Problem Properties

photo of abandoned house  


The City of Medford is working hard to address problem properties through a collaboration of several departments. It is our goal to make sure that all city properties and residential areas are safe and up to code. Between the city programs working on this issue, 96 properties have been identified and addressed in one way or another.

If you would like to report a property for a city code violation, please click this link, or contact code enforcement at 541-774-2016.

diagram of receivership program


The City of Medford recognizes that blighted homes harm the atmosphere and property values of the surrounding neighborhoods as well as attracts crime. Along with this, they generate calls for service as squatters break in and safety risks arise. On December 1, 2016, the Medford City Council adopted provisions into the Medford Municipal Code that enacted procedures authorized by the Oregon Housing Receivership Act. These procedures allowed for the identification and receivership of blighted properties, in order to restore them to a livable quality and reinsert them into the market.


The International Property Maintenance Code establishes the minimum requirements for the maintenance of existing buildings through model code regulations that contain clear and specific property maintenance and property improvement provisions.

A public version of the International Property Maintenance Code can be accessed at this link.


The City of Medford is working to protect the health, safety, and welfare of the community by identifying chronic nuisance properties. When a property has been identified as a chronic nuisance property, the City has the power to deal with violations by imposing a fine on the owner of the property, requiring the owner to get rid of the nuisance, or getting rid of the nuisance if the owner fails to do so.

To review the Chronic Nuisance Ordinance, please visit section 7.960 of the city's Municipal Code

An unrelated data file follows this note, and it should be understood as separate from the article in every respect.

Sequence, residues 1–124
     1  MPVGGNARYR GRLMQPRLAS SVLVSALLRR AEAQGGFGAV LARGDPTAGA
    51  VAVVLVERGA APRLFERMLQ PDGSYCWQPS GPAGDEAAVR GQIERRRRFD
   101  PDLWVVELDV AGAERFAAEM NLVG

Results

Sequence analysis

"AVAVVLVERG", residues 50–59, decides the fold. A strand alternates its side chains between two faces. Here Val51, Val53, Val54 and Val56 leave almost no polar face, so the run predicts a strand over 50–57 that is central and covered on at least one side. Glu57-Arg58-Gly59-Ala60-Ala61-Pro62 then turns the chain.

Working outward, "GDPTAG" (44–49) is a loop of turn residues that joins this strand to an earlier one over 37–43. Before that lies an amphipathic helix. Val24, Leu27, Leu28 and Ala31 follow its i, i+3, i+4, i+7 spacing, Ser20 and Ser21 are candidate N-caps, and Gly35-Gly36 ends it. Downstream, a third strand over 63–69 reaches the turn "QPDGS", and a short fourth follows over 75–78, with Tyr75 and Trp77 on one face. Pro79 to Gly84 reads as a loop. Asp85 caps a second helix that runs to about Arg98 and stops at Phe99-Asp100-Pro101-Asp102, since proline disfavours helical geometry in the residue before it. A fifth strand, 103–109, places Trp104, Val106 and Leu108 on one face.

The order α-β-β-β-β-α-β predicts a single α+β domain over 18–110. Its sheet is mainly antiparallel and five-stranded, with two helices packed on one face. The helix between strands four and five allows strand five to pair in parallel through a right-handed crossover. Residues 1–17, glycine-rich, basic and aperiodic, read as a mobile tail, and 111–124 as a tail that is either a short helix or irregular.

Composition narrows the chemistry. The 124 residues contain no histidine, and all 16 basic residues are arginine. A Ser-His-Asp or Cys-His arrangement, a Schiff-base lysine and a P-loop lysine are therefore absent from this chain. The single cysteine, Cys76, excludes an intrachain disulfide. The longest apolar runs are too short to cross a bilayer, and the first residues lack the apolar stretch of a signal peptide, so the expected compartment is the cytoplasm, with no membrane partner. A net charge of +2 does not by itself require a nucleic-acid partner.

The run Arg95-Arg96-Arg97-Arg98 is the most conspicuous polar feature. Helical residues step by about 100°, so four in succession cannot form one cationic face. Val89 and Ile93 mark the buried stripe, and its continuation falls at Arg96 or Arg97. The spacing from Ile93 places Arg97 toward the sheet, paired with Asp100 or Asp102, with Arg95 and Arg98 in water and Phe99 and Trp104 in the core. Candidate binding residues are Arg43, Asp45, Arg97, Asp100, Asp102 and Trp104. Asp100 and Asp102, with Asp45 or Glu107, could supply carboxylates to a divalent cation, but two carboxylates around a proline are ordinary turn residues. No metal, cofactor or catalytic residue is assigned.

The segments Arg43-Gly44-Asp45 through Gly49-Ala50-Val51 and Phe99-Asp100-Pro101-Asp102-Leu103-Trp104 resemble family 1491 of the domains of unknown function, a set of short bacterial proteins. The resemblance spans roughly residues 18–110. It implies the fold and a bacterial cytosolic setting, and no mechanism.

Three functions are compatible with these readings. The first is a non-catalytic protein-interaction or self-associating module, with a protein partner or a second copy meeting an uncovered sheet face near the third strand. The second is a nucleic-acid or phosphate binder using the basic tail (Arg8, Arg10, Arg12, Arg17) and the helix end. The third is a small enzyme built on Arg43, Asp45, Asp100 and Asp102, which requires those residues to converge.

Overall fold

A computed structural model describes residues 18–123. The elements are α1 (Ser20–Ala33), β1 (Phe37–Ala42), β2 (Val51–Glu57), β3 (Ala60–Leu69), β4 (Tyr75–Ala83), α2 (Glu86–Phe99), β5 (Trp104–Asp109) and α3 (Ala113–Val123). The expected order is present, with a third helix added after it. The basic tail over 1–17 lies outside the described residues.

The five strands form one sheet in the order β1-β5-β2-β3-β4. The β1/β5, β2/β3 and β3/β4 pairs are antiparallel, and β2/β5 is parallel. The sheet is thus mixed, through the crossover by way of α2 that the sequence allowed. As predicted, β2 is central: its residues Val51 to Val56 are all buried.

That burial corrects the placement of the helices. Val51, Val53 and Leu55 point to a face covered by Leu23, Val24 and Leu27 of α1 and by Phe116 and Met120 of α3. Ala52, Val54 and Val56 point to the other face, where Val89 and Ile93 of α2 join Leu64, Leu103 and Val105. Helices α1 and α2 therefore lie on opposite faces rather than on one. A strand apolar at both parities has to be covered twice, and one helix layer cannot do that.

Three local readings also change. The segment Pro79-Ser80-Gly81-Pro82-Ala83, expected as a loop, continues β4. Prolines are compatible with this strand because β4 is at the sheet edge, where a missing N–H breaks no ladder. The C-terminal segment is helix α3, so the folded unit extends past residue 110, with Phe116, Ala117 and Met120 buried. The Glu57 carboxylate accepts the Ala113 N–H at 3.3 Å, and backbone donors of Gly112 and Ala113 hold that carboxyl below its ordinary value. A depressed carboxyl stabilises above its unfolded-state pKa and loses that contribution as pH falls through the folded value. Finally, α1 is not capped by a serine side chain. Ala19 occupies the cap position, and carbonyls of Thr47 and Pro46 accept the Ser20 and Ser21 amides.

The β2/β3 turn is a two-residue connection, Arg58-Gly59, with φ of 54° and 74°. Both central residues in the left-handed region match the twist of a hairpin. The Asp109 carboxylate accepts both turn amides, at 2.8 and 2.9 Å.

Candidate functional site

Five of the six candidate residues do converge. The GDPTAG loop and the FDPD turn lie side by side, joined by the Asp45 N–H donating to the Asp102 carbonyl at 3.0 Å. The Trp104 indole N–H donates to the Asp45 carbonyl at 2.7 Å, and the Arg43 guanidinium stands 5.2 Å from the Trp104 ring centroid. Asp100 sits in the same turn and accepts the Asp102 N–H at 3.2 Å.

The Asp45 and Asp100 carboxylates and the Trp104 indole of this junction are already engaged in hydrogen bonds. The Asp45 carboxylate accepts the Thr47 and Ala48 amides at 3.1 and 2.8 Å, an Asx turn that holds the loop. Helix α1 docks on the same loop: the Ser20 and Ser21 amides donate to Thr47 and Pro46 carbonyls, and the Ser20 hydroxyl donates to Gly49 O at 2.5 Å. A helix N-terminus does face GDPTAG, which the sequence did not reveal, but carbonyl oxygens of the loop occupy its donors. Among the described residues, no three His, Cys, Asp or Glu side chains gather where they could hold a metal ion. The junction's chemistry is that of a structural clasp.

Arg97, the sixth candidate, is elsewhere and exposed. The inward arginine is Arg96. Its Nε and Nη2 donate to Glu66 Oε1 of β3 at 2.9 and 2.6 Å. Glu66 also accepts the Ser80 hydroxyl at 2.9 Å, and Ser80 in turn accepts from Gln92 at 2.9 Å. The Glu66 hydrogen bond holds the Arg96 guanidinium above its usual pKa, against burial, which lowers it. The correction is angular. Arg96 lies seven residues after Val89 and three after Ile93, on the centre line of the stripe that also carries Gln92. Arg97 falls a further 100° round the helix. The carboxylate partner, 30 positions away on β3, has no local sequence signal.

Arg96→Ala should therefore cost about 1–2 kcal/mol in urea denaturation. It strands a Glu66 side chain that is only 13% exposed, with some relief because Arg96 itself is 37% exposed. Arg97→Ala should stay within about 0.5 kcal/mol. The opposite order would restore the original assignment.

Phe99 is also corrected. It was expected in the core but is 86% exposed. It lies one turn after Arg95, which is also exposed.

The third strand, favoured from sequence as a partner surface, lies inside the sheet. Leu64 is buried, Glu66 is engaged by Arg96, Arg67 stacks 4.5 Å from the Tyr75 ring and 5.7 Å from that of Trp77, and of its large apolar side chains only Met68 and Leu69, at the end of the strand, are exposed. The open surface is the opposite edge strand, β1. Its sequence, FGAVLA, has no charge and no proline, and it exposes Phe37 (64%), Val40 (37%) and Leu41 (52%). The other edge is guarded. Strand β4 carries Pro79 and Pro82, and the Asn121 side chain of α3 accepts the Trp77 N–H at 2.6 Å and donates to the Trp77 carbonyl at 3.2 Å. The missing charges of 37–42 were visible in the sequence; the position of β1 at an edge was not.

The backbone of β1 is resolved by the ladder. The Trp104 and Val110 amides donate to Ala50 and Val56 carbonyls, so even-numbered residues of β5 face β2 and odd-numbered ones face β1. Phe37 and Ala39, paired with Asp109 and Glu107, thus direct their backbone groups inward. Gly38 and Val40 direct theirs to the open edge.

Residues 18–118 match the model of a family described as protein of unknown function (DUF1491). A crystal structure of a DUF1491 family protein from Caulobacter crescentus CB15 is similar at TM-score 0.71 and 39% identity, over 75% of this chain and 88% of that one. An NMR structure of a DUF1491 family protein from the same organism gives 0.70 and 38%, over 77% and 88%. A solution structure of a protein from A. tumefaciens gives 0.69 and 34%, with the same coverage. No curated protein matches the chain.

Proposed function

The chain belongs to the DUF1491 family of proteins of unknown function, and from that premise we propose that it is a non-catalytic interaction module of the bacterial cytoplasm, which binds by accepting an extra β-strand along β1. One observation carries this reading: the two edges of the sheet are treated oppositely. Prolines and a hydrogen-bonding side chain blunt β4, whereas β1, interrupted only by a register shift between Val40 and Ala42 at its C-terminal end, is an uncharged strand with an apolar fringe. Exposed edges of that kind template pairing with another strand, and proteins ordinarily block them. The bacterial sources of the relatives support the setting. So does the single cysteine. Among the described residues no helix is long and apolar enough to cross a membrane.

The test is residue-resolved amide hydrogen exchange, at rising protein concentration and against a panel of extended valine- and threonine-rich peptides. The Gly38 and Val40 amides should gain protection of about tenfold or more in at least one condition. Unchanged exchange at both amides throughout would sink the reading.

The Neighborhood Stabilization Program (NSP) is part of the Housing and Economic Recovery Act of 2008 (HERA).  Oregon Housing and Community Services (OHCS) is allocated funding to administer the NSP according to guidelines outlined by HERA.
In January of 2018, OHCS made a selective announcement of newly available NSP1 program income funds to qualified jurisdictions and nonprofit agencies. The City of Medford was the first to move on this first-come, first-serve opportunity.
By working with community partners, the city is now in a position to purchase and rehabilitate multiple foreclosed properties in order to create more affordable housing options for residents in Medford.


The City of Medford was granted entitlement status under the Community Development Block Grant (CDBG) program by the United States Department of Housing and Urban Development (HUD) in 1989.  Since then, HUD has granted the City an average annual entitlement of approximately $600,000.  CDBG funding is used to benefit low- and moderate-income persons, eliminate conditions of slum and blight, or meet an urgent need (as defined by HUD) within the City of Medford.

For more information,  click here.


image of word collage for collaboration The City of Medford works with many community partners in order to tackle the issue of problem properties. Some of these partnerships are with nonprofit developers that also offer support services, while others are private developers, nonprofits, or faith-based organization.

The following is a list of community partners that are currently working with the City of Medford to address problem properties:

  • Habitat for Humanity
  • Housing Authority of Jackson County
  • PeopleFirst Properties
  • Hayden Homes
  • First Story
  • St. Vincent de Paul
  • Youth for Christ
  • First Presbyterian Church